The International Volleyball Federation (FIVB) has claimed they have been greatly encouraged by the “small positive steps” taken in recent months to allow women to attend volleyball events in Iran.
The sport’s governing body reiterated that their position had not changed regarding awarding events to the Islamic country, despite Human Rights Watch (HRW) issuing a fresh call to bar the nation from staging competitions until a ban on women attending matches is lifted.
HRW made the call in a letter sent to FIVB President Ary Graça following his election for a fresh eight-year term in office earlier this month in Buenos Aires.
Making volleyball a “family-friendly” sport was cited as one of his key objectives.
A law restricting female access was introduced at volleyball matches in Iran in 2012 as an extension of a similar ban in soccer.
It generated worldwide condemnation in 2014 following the arrest of British-Iranian woman Ghoncheh Ghavami, for attending a World League match.
Ghavami, arrested for “propaganda against the regime,” spent 151 days in Evin prison before she was released and charges were eventually dropped.
The FIVB repeatedly pledged to have the ban fully lifted before the Rio 2016 Olympic Games but failed to do so in the face of religious and political opposition.
“The FIVB’s position on allowing women to attend volleyball events in Iran has not changed,” an FIVB spokesperson told insidethegames.
“We are working on a policy of inclusion as it is our firm belief that our objective is better served by having the eyes of the world on Iran during international sports events as opposed to a boycott.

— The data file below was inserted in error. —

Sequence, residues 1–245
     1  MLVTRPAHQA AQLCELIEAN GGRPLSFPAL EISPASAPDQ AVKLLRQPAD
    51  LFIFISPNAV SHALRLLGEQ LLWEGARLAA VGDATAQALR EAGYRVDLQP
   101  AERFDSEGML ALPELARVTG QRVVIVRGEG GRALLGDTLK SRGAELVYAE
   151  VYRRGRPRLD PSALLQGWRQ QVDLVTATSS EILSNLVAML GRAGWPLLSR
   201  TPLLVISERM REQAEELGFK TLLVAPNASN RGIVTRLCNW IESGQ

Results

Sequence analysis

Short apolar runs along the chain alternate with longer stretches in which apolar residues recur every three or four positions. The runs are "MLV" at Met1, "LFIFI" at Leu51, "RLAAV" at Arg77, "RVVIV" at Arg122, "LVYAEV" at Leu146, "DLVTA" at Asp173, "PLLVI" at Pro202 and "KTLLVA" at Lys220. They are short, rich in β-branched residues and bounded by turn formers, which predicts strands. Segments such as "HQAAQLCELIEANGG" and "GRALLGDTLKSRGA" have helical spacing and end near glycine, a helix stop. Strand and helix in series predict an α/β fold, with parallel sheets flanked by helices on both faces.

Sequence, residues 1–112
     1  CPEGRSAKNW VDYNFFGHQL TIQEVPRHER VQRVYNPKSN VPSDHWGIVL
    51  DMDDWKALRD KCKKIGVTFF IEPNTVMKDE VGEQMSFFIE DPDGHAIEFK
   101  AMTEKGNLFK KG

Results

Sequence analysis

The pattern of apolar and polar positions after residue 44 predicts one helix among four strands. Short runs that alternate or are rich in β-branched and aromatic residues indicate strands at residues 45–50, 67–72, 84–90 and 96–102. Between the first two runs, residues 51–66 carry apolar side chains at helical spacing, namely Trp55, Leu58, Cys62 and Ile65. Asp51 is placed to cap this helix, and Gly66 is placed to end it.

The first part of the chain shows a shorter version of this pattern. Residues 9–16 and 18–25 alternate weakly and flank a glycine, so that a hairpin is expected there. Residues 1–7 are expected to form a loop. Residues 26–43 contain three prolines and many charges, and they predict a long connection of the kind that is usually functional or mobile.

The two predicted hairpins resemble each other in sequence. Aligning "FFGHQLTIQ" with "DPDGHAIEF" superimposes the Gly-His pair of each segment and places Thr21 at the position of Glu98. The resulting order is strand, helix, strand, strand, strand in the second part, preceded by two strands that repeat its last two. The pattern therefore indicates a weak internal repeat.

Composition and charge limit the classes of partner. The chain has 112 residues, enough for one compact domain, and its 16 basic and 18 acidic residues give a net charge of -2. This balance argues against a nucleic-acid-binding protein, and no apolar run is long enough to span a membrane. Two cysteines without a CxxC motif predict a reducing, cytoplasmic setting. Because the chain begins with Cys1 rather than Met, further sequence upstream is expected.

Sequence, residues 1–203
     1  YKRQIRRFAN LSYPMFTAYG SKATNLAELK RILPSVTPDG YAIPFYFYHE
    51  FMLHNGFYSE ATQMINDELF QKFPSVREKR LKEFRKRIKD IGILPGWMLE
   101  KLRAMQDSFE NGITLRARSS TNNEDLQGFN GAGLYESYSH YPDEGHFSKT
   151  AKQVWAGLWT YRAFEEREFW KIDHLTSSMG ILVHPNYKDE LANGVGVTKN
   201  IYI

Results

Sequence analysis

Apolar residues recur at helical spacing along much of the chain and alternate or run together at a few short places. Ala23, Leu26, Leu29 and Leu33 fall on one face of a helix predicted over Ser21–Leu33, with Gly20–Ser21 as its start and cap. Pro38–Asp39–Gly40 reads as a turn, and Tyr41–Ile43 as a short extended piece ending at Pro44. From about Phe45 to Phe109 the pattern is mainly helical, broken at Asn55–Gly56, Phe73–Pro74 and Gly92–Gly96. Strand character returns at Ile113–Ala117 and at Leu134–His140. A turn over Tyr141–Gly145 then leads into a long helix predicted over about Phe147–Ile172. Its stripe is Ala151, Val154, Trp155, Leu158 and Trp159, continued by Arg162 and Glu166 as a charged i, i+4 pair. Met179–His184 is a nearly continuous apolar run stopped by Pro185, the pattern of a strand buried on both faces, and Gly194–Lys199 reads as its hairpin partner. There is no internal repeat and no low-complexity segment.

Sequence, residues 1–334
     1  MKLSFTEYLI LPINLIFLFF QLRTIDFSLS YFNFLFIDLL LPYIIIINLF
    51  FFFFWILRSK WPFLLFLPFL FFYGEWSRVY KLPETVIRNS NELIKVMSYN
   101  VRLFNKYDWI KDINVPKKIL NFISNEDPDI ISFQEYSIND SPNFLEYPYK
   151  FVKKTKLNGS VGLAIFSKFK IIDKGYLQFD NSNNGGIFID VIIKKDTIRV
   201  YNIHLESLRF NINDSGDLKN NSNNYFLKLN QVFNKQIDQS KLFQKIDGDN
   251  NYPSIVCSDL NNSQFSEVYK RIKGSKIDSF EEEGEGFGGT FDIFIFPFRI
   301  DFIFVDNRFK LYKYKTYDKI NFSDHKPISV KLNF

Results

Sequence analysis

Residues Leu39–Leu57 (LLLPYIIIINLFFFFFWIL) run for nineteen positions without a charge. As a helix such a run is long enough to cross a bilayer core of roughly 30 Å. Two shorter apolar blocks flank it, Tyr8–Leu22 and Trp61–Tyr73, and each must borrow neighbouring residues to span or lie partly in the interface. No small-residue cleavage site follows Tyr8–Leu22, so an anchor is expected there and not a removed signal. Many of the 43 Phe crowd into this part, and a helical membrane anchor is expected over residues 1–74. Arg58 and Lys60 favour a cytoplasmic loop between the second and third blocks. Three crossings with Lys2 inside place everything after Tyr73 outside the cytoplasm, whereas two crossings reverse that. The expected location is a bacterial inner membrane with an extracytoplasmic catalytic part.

“It is important to remember though, that change will not happen overnight, the process will take time but we have been greatly encouraged by the small positive steps taken in recent months.
“This included women attending and watching a men’s beach volleyball event for the first time in recent history at the FIVB Kish Island Open earlier this year in February.
“The FIVB is determined to build on this positive progress, it is a step by step diplomatic effort and a process of gradual evolution.
“As written in the New York Times recently, a boycott would be counterproductive.
“In the meantime, we will keep working with the Iranian authorities and all NGOs that share the FIVB’s values of inclusivity and gender equality, to ensure that all volleyball activity in Iran can be enjoyed by everyone.”
In April, the FIVB told insidethegames that they were switching to an “event by event” approach rather than a blanket lifting of the ban.
The world governing body provoked more criticism, however, by continuing to award events to Iran despite initially claiming they would not, insisting that the incentive of hosting competitions was the best way to encourage progress.
Some women were turned away during the Kish Island event in February, although others attended and the FIVB claimed the problems were only due to a “misunderstanding.”
There was more controversy following a round of World League matches in Tehran in June and July, with human rights groups claiming only specially selected female groups could buy tickets despite the FIVB hailing female-only areas as a key “first-step.”
By Michael Pavitt
Republished with permission of insidethegames.biz.